The great bank retreat as the rising cost of compliance takes its toll

Trade Financing Matters welcomes this post from Frank Carr-Allinson, Head of Trade Services Advisory at Commerzbank, on how increasing compliance costs are causing many banks to scale back their correspondent banking networks – and what this means for global trade.

Banks have been warning for some time that the costs of compliance are becoming ever greater. This, together with limited economic growth in many banks’ home markets and growing regulatory restrictions, means many banks are becoming more selective about the products and services they wish to offer. Inevitably, this also means retrenching from less profitable markets to focus on core strengths in fewer countries. But at what cost?

Ultimately, the casualties of this shift will be the companies in emerging market countries that rely on their banks’ ability to process documentary trade with counterparts around the world. But with the cost of providing trade finance to clients in higher-risk areas becoming more expensive, many banks are rethinking whether it is worth maintaining certain correspondent banking relationships – potentially resulting in these banks and regions being cut off from the global financial markets.

An increasing burden

Banks have, of course, prioritised compliance requirements, investing in personnel, training and tools in order to ensure they are compliant with the new and changing wave of regulations. However, the cost of doing so will weigh especially heavily on smaller banks, making the industry less competitive and raising barriers to entry. Even larger banks are proceeding to substantially reduce counterparts in a bid to reduce overheads.

Indeed, banks now have to perform rigorous checks each time they set up a new Relationship Management Application (RMA) – the SWIFT test key to communicate with another bank. Not only do they have to screen their bank counterparties, they also need to screen every single subsidiary of that bank. Such thorough due diligence can cost over US$30,000. And this calls into question the return on investment of every single relationship.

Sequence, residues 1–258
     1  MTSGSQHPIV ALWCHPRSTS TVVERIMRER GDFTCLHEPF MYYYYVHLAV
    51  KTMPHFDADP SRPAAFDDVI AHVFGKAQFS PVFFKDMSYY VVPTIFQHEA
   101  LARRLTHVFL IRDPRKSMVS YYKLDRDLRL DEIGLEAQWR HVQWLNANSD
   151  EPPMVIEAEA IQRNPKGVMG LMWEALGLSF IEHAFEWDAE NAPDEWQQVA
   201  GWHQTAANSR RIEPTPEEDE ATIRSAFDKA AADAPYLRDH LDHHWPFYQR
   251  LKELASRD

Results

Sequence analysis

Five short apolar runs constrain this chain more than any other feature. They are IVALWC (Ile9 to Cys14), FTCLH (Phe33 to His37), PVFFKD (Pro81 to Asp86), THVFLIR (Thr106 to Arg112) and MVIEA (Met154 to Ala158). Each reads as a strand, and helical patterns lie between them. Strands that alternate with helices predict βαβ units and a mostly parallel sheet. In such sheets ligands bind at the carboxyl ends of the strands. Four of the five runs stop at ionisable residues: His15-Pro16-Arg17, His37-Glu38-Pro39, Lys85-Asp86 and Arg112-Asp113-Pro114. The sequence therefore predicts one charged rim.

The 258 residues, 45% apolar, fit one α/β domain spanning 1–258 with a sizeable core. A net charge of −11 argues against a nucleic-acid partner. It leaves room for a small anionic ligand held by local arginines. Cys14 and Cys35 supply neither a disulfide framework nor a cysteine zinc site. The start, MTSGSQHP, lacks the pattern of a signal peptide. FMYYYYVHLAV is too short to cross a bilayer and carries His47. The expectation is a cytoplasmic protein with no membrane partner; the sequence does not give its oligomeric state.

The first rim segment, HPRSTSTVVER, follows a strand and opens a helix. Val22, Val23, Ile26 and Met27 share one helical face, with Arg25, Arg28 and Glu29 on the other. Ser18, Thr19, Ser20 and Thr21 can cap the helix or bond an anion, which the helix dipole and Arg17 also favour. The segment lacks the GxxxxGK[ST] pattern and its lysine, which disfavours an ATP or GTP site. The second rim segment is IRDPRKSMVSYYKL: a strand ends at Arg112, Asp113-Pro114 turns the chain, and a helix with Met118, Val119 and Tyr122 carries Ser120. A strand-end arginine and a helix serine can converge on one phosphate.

Clearly, for a global bank like Commerzbank, with 5,000 correspondent banking partners there are hefty compliance costs to pay. And while our extensive network means we are subject to heightened scrutiny from the regulators, we see the value and potential of keeping this network open. Certainly, correspondent networks remain the best way for corporates and banks alike to access hard-to-reach, but strategically important, emerging markets with the combination of global coverage and local expertise. At the same time, emerging market exporters rely on their local bank being connected to a global trade finance network in order to seize international trading opportunities.

As such, banks have a responsibility to ensure that smaller economies do not face financial abandonment. For example, Commerzbank helps smaller players stay involved in the global trade business by allowing them to leverage its own network and trade processing facilities. Likewise, for larger banks that may be considering focussing their strategy outside the trade arena, Commerzbank also provides a platform to concentrate trade business flows, which can offer economies of scale.

Transaction banking is under pressure and with cost and compliance pressures only set to grow in the current environment, the provision of global trade finance may be put at risk, at least in terms of its breadth. As such, banks must reassess the economic value of trade alliances in delivering value to their corporate customers. Most banks are questioning their underlying business models and it would seem that the age of banks being universal and offering all things financial to all people is over.

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